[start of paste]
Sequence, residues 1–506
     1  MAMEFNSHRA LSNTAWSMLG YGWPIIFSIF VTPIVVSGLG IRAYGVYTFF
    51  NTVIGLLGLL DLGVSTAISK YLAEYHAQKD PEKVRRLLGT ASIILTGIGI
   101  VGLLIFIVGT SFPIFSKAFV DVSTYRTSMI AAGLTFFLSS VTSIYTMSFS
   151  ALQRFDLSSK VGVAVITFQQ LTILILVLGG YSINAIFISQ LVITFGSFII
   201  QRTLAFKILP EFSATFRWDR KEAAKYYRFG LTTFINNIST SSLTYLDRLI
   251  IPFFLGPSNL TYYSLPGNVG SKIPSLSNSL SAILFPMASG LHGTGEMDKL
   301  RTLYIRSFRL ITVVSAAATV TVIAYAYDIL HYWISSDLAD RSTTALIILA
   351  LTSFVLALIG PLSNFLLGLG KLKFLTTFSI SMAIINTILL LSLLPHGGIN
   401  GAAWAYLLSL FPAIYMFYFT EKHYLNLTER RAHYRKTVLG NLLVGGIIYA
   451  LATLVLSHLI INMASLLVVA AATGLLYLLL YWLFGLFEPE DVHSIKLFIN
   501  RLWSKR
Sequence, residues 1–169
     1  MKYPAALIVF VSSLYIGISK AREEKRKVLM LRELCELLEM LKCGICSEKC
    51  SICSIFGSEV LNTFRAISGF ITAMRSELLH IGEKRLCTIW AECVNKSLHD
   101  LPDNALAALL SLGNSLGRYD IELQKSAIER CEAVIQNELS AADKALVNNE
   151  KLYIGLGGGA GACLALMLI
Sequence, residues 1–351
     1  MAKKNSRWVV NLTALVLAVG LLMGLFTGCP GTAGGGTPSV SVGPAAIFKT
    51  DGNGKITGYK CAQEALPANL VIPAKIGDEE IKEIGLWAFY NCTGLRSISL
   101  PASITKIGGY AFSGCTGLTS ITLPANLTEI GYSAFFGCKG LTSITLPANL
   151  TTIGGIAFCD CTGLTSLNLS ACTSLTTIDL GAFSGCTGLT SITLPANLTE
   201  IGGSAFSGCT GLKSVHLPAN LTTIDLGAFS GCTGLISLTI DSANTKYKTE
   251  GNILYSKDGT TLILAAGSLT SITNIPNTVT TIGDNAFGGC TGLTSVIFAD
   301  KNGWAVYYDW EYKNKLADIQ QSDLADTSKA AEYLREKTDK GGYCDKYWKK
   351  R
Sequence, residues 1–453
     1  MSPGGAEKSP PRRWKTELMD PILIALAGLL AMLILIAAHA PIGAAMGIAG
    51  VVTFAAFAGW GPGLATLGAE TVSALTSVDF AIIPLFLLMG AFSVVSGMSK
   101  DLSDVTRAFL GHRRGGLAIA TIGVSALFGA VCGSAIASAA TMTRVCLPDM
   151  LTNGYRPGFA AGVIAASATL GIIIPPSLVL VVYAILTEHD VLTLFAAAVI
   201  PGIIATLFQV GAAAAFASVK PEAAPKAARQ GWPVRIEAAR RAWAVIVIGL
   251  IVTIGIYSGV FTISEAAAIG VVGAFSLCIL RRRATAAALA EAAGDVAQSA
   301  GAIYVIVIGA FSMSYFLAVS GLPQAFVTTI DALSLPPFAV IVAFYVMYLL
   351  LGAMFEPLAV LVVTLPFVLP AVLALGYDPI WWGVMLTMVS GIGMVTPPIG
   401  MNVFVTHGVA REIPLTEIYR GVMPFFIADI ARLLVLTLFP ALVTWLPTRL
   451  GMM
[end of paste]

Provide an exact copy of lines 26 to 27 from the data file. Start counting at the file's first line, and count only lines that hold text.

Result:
   351  R
Sequence, residues 1–453